I received an offer of assistance from the LoD, the Legion of Doom, a well-known hacker name. I emailed the beeps as an audio file to them. They examined the switching equipment used by the Montana telco and reported that the signals did not originate within the system. They could say what the signals were not, but not what they were.
In another email, a writer said he had heard similar tones over telephone lines and shortwave radio near White Sands Missile Range. He said friends inside the base had given him “some info that would be of great interest.
“The documentation and info that I am getting are going to basically confirm what a member of the team has divulged to me [about UFO occupants].
“They are here and they are not benign.” Into the Twilight Zone
Without corroboration, that’s as far as the Internet can take us.
Words originate with someone — but who? Is the name on the email real? Is the account real? Was the White Sands source who he said he was? Were his contacts telling the truth? Or was he a bored kid killing time?
The UFO world is a hall of mirrors. The UFO world on the Internet is a simulation of a hall of mirrors. The truth is out there … but how can we find it?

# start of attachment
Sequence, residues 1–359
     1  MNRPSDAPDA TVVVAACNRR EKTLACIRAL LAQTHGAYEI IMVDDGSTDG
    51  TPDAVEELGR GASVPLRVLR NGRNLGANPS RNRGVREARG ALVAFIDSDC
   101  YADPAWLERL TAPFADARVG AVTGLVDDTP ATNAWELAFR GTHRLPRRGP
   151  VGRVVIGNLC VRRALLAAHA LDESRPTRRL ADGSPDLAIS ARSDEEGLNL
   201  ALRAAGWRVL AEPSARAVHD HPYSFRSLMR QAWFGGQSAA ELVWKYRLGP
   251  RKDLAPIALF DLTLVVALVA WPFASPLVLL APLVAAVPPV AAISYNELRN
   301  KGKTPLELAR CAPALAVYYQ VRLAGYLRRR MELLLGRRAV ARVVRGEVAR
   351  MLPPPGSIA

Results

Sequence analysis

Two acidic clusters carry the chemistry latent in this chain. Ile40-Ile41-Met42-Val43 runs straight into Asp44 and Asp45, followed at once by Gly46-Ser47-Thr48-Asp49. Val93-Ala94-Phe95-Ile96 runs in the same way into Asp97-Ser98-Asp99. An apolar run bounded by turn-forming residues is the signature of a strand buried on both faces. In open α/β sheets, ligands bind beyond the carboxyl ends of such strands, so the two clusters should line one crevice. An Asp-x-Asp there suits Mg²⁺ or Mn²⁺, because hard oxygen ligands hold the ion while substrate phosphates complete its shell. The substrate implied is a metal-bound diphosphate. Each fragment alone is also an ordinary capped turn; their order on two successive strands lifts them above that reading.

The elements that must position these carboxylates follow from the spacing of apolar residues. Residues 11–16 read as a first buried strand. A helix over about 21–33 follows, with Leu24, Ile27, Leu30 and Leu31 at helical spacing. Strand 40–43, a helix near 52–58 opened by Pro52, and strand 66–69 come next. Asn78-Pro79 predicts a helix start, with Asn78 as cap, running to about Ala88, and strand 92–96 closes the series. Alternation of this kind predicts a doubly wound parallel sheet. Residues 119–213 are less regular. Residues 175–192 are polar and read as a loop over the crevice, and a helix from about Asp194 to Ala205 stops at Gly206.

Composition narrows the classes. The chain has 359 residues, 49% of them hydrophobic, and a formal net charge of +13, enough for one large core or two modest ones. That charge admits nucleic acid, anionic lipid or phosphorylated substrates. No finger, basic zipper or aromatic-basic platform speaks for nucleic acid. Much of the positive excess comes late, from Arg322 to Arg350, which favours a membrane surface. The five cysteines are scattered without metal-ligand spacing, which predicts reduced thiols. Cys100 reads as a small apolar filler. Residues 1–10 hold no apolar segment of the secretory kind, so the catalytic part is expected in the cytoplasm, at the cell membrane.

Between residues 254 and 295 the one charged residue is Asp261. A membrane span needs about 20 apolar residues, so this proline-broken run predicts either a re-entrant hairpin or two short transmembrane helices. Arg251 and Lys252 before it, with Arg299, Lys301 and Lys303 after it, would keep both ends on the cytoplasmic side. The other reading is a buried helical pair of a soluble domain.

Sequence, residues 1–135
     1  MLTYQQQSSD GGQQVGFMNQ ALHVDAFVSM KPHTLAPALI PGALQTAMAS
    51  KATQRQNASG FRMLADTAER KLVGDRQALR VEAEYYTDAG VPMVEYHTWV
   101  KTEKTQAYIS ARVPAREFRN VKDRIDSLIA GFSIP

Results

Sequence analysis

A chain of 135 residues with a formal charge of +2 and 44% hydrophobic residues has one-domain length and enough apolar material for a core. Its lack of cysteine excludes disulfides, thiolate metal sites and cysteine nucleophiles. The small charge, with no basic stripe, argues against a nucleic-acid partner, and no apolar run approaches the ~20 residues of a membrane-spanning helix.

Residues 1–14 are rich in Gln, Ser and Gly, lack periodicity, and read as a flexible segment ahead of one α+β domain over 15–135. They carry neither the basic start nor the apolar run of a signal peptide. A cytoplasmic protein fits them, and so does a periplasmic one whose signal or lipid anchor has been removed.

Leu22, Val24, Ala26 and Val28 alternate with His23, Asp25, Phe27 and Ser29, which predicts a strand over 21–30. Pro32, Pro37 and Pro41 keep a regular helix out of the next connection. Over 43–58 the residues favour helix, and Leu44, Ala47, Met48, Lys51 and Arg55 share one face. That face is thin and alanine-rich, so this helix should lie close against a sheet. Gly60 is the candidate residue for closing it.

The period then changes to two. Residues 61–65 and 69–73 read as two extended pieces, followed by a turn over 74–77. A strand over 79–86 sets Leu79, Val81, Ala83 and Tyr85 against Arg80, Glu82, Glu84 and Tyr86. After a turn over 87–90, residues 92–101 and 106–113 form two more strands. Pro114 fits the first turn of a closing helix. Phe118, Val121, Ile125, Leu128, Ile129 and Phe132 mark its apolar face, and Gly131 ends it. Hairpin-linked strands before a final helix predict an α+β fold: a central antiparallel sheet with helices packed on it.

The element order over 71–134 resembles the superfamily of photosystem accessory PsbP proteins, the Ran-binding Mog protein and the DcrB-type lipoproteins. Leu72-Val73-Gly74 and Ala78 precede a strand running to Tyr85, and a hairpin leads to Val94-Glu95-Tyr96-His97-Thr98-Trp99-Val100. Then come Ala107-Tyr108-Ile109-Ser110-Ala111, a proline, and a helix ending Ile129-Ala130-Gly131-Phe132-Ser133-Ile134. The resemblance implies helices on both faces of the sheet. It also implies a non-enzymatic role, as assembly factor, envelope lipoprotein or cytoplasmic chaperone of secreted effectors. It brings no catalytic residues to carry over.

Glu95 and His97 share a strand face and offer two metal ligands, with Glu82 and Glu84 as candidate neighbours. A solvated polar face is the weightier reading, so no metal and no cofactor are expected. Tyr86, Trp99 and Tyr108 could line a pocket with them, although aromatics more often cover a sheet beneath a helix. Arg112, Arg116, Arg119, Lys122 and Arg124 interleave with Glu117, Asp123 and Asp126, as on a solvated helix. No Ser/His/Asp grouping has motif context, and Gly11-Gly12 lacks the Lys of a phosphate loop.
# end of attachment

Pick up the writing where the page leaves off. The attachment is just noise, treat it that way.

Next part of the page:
Plato was right. We need to know who is speaking to evaluate the data.
The Bottom Line
A number of years ago, I volunteered to be Wisconsin state director of the Mutual UFO Network in order to listen firsthand to people who claimed to have encountered UFOs. I brought sixteen years’ experience as a counsellor to the project. I listened to people from all walks of life.
My interest in the phenomena had quickened in the 1970s during a conversation with a career Air Force officer, a guy with all the “right stuff.”
A fellow B47 pilot told him of an unusual object that flew in formation with him for a while, then took off at an incredible speed. The co-pilot verified the incident. Neither would report it and risk damage to their careers.
That was the first time I heard a story like that from someone I knew well. I remember how he looked as he told that story. Usually confident, even cocky, he looked puzzled, helpless. That was the first time I saw that look, too, but it wouldn’t be the last.
I have seen that look many times since as credible people — fighter pilots, commercial air line pilots, intelligence officers, and just plain folk fishing on an isolated lake or walking in the woods after dark — recounted an experience they can’t forget. They don’t want publicity. They don’t want money. They just want to know what they saw.
Data has been accumulating for fifty years. Some is on the Internet. Some is trustworthy. Much of it isn’t.
Are we hunting a Snark, only to be bamboozled by a boojum? Or are we following luminous breadcrumbs through the forest to the Truth that is Out There?
The Net is one place to find answers, but only if our pursuit of the truth is conducted with discipline, a rigorous methodology and absolute integrity.